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Efforts Required For Data Gathering

Use for data not decided first many a data-gathering effort has been like poking in a haystack to try to find the needle. The effort is excessively lengthy, it gathers data that will not be used, job analyses challenge workers unnecessarily.

Know what kind of data—and where to get it—you should be collecting for your organization’s next job analysis.

Without first deciding what data are needed and why, embarking on a job analysis process can be a highly inefficient and largely wasted effort. Some novice analysts wind up asking numerous questions during interviews that generate answers that are not needed. Management and analysts must have their direction--their reason--for the data-gathering and job description preparation effort clearly in mind and must plan and structure this effort for high yield. Considerable preliminary work must be done before data generating starts. Otherwise it is like scatter bombing. You do not know where the target is so you spray the area, hoping you will hit it. You may hit it but is it worth the cost?

Subjects cannot remember everything. Techniques, such as questionnaires, interviews, and even work logs, rely on employee memory and ability to mentally capture and communicate the full scope and depth of the job. But employees, even though they do the job--and do it well--often cannot think through and recall all they do when sitting down in an interview or when filling out a questionnaire, for example.

Frequently, tasks are performed but once a year. One is likely to forget to record or report these. Other, perhaps low-priority but still time-consuming, tasks are often disregarded in reporting by incumbents. It is necessary to allow plenty of time for incumbents to think about their jobs. Analysts must be skilled in stimulating recall with appropriate questions on questionnaires and in inter views, and must have workers report at the proper intervals with work logs.

Person specifications and job characteristic data confusingly mixed with data on time usage. Job analyses too frequently do not distinguish job or task dimensions from person specifications and job characteristics. Task dimensions take up time; person specs and job characteristics do not. Job analysis is often negligent in not focusing on how workers spend their time. This is the key type of information desired for preparing job descriptions, but frequently analyses slip into excessive emphasis on specs and characteristics. It is valuable to know, for example, that the worker needs such and such skills to do the job and that the job is, perhaps rather routine or dangerous at times, but these are specs and characteristics.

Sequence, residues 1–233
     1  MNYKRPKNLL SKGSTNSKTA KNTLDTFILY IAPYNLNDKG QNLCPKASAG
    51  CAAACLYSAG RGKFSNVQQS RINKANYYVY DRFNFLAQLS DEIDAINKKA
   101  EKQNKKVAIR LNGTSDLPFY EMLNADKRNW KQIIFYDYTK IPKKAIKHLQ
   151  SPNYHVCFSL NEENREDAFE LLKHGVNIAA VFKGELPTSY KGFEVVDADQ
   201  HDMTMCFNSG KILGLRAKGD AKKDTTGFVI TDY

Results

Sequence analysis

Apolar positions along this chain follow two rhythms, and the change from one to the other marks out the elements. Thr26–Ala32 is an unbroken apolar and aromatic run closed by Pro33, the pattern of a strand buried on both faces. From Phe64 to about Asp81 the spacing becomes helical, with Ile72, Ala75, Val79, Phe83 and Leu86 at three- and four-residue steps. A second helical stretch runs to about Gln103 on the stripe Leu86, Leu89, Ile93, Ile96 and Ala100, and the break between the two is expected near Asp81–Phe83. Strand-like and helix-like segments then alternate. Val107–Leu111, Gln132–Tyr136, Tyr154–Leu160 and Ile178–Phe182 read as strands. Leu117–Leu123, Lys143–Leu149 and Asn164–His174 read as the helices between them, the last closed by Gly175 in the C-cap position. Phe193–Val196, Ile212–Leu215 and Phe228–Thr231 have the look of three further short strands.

Formal job analyses are incomplete. Too many companies try to write job descriptions directly, from scratch--without really gathering any data-or from data acquired informally. In a recent study the author found that 85 percent of the organizations surveyed had job descriptions prepared for at least some of their employees, but only 10 percent had conducted any rigorous data gathering for job description preparation. The common approach was either to have employees directly write their own job descriptions or to have managers do it for their employees. Such an approach usually produces job descriptions in a rather short time with little pain, but the job descriptions produced are generally far from valid. A well-done formal data-gathering effort tends to succeed at a much higher rate because it is planned and thought through.

Possible flaws are anticipated in advance and avoided. Redundancy procedures can be built in to assure acquisition of accurate data. Higher authority not involved Job analyses perhaps more often than not lack the blessings, guidance, and overt support of higher management echelons.

Often employees are not made aware of the high priority of the job analysis as an organizational engagement. Management fails to communicate this to them. Often, also, employees see higher management avoiding subjecting themselves to job analysis efforts. Under such conditions it is difficult for employees to take job analysis seriously-as anything but a bureaucratic tack-on simply invented to maintain bureaucratic muscle and control over employee behavior.

Crisis data acquisition. Data gathering is not infrequently commonly done in a crisis. Another common scenario is for the organization to be moving along without much thought given to the desirability of job descriptions. All of a sudden someone suggests the need for some job descriptions. Management then rushes around trying quickly to get some together. The process is not properly coordinated. The types of data really needed are not identified. In short, this crisis approach produces a third-rate job description. Management then attempts to use the developed job descriptions, but finds after a while that the job descriptions are not good enough to use. They may finally abandon them and file them away for the long term. At some later date someone suggests the need for job descriptions again and the process starts all over. Does this sound familiar? This is the crisis approach to job description preparation--no planned, regular, continuous effort.